'The Civil War's Impact on NJ' exhibition, runs through June 7th
|Detail of a sketch of the Sixth Regiment of Massachusetts Volunteers Leaving Jersey City R.R. Depot, to Defend the Capitol, at Washington D.C., April 18, 1861. Printed in Frank Leslie's Illustrated Newspaper p. 373. Courtesy of Special Collections and University Archives of the Rutgers University Libraries.|
Though the battlefields were many miles from our borders, the bitter struggles of the Civil War struck scores of families in the Garden State.
Special Collections and University Archives' exhibition Struggle Without End: The Civil War's Impact on New Jersey, goes beyond the military story to show the effects of the Civil War on the culture and society of the state. The exhibition highlights rare and unique items from Rutgers' collections, including letters from the front, diaries of soldiers and civilians, political tracts, and artifacts.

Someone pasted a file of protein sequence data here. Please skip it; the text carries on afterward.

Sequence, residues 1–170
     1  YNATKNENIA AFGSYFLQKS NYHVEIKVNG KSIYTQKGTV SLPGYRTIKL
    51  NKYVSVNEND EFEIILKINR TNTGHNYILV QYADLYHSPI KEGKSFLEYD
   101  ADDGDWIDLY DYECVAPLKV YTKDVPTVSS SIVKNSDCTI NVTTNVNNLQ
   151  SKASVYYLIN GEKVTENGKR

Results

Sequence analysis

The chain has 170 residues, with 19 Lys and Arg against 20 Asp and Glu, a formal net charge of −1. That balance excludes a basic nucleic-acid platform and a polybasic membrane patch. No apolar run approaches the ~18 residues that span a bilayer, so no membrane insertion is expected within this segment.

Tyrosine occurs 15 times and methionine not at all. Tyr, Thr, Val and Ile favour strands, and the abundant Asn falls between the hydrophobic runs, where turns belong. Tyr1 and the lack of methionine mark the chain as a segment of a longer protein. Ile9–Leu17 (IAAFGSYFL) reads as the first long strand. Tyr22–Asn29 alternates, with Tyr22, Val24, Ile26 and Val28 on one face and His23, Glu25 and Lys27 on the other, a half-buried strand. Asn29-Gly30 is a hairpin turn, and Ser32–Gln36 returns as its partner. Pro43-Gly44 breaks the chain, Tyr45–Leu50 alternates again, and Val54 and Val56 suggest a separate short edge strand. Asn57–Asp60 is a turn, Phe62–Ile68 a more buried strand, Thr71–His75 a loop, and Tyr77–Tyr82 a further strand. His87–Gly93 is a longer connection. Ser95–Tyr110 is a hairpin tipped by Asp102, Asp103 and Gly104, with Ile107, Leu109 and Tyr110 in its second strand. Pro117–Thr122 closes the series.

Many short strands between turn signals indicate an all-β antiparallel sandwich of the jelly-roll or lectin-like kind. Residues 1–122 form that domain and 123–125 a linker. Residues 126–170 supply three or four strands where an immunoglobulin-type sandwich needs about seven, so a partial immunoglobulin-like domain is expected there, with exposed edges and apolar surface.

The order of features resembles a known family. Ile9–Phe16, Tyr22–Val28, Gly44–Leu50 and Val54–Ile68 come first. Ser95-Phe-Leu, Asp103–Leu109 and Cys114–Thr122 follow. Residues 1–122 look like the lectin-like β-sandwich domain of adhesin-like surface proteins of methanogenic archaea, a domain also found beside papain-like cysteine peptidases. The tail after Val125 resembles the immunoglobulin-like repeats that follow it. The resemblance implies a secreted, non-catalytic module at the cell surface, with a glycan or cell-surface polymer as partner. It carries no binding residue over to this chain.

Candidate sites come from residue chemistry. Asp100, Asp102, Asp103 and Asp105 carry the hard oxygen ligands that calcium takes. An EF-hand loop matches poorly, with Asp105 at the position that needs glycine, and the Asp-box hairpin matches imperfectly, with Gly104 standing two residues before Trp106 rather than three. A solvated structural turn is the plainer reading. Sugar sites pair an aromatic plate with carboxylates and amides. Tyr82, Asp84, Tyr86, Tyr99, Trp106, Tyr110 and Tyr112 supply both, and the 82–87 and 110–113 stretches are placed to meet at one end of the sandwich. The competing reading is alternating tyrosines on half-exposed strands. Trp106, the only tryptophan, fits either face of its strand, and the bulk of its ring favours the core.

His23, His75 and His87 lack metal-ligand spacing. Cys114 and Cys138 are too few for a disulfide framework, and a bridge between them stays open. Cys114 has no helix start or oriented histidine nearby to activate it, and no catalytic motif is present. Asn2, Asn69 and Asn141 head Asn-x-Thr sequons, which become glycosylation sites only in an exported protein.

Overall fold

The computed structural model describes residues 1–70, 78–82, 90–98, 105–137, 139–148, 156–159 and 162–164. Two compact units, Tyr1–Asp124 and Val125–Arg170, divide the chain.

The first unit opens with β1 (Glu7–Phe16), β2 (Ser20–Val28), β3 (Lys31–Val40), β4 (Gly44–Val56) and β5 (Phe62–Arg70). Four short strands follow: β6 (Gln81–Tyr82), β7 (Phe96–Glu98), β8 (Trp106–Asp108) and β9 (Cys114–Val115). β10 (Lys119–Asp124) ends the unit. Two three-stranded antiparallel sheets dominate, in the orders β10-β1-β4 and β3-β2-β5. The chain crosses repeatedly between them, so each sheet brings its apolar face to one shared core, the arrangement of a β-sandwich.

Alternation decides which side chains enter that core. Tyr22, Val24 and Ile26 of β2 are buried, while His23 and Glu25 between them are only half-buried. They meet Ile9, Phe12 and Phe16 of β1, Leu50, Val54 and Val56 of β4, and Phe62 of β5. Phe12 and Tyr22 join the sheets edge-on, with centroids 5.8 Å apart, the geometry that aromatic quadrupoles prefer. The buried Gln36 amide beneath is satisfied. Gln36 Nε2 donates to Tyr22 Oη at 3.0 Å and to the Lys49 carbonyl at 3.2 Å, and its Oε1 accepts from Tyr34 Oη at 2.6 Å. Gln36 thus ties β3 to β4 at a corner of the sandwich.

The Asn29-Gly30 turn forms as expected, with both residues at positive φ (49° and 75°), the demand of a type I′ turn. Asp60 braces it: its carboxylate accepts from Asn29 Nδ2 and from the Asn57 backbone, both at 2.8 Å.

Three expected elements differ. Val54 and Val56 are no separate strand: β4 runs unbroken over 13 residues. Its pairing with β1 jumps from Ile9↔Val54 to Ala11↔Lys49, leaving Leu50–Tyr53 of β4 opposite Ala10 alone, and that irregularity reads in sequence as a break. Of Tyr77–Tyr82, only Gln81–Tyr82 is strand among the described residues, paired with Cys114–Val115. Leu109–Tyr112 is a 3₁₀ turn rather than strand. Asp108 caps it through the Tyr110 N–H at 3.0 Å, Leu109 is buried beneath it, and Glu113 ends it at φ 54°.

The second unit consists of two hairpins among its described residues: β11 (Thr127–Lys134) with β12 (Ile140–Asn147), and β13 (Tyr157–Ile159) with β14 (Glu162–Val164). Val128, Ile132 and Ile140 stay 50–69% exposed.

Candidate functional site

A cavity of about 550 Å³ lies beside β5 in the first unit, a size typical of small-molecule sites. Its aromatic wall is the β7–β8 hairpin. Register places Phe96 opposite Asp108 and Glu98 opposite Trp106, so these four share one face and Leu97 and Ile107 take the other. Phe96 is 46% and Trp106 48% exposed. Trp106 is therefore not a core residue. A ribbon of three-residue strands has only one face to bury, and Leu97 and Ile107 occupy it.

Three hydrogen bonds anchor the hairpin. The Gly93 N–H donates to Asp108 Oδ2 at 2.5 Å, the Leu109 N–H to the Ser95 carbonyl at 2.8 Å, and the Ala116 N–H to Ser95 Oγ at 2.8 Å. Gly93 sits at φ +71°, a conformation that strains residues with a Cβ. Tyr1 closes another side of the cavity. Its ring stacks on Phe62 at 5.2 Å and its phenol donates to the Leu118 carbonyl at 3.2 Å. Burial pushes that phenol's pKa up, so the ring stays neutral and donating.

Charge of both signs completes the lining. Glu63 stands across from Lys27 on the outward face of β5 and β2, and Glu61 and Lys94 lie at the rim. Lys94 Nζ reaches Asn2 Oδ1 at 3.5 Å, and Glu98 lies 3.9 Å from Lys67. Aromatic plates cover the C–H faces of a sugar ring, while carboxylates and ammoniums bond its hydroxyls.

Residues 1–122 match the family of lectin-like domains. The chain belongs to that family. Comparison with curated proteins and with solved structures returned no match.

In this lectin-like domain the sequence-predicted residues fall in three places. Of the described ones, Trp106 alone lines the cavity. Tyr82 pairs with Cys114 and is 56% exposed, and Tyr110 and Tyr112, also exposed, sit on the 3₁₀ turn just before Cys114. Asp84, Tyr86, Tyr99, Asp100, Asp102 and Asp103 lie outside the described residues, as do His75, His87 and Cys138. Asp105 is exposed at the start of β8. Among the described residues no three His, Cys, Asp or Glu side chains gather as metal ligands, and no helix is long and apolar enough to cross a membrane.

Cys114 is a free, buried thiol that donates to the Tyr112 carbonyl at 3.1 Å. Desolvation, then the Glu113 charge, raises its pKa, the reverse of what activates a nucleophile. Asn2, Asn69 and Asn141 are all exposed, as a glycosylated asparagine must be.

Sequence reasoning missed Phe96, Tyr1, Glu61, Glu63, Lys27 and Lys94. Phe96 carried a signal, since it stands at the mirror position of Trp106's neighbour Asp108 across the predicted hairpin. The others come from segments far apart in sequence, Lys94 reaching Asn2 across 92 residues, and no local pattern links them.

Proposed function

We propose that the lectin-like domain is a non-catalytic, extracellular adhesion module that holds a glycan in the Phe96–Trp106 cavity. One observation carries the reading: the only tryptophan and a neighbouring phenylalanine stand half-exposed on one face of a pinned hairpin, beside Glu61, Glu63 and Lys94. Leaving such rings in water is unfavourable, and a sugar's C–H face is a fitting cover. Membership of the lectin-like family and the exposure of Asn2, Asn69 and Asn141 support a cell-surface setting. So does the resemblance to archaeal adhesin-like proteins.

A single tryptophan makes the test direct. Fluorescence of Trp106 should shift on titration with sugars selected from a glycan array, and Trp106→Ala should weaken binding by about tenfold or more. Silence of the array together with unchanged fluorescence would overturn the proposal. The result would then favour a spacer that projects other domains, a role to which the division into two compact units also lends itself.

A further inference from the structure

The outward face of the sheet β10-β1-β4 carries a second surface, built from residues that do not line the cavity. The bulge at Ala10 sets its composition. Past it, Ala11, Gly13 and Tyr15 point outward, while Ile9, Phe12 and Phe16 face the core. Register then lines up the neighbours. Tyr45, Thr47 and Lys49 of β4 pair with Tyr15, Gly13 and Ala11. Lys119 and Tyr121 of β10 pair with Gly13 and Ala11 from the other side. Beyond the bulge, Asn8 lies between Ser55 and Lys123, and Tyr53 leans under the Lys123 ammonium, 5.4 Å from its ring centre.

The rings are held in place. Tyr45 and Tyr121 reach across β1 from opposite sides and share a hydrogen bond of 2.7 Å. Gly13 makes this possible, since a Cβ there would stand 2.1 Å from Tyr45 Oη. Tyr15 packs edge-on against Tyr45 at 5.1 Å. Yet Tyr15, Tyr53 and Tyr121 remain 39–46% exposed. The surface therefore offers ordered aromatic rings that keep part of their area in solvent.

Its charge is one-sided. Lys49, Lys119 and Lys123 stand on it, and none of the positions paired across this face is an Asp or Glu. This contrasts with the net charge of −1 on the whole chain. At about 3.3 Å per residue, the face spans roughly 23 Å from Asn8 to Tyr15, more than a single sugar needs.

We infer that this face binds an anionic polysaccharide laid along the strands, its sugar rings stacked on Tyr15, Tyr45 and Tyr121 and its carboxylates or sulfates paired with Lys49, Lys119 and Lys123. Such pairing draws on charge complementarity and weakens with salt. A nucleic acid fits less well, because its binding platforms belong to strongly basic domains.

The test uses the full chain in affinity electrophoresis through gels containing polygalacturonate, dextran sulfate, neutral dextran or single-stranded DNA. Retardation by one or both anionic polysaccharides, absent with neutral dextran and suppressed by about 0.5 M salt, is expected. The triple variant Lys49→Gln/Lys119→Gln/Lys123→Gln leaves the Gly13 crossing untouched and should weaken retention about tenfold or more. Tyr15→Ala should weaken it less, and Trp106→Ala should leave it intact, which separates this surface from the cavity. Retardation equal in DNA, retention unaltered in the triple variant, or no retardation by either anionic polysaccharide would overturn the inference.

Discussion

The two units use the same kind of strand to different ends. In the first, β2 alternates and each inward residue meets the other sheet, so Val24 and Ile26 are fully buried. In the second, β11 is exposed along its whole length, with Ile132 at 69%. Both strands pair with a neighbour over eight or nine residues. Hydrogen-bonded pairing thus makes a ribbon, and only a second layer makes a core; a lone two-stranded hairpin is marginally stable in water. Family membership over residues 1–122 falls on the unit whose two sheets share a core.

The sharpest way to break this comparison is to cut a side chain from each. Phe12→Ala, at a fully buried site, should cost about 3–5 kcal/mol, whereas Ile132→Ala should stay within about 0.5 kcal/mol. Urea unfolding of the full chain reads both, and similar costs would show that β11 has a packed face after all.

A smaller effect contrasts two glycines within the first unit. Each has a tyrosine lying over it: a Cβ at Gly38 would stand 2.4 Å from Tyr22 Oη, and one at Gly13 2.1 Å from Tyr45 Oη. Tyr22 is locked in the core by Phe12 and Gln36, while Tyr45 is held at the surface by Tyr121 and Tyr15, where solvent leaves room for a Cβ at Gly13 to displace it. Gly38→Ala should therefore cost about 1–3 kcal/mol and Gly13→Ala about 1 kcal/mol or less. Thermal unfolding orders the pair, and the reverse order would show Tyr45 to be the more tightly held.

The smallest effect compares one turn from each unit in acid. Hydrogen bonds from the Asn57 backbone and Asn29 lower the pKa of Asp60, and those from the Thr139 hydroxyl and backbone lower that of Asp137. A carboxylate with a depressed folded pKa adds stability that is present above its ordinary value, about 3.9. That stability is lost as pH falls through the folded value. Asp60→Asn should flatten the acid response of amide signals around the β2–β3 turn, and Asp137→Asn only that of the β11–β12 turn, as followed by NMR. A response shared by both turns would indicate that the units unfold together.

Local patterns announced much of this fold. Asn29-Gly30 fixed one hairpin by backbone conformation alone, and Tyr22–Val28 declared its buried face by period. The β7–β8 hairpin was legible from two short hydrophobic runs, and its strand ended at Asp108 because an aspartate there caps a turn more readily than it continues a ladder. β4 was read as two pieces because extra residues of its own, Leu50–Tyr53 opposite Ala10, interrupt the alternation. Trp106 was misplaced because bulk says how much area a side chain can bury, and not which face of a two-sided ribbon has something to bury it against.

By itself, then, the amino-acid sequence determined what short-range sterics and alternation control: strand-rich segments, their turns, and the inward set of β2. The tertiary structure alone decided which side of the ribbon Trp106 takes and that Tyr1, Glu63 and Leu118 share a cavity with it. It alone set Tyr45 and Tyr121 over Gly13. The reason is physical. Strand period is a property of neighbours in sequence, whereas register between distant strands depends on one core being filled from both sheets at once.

This exhibition opened in September 2012 and will run through June 7th.
Special Collections and University Archives holds the largest collection of manuscripts and contemporary publications documenting New Jersey and the Civil War in the United States. Among the objects displayed in the exhibition are field maps and drawings by Washington Roebling, the builder of the Brooklyn Bridge; a diary and cap belonging to Ellis Hamilton, a young officer killed at Spotsylvania Court House; and a Civil War-era surgeon's kit.
For more information about the exhibition and programs, please contact Fernanda H. Perrone, exhibitions coordinator, at 848-932- 6154 or firstname.lastname@example.org.
This exhibition and public programs are made possible by a grant from the New Jersey Council for the Humanities. Any views, findings, conclusions or recommendations in these presentations do not necessarily represent those of the National Endowment for the Humanities or the New Jersey Council for the Humanities.
Posted May 13, 2013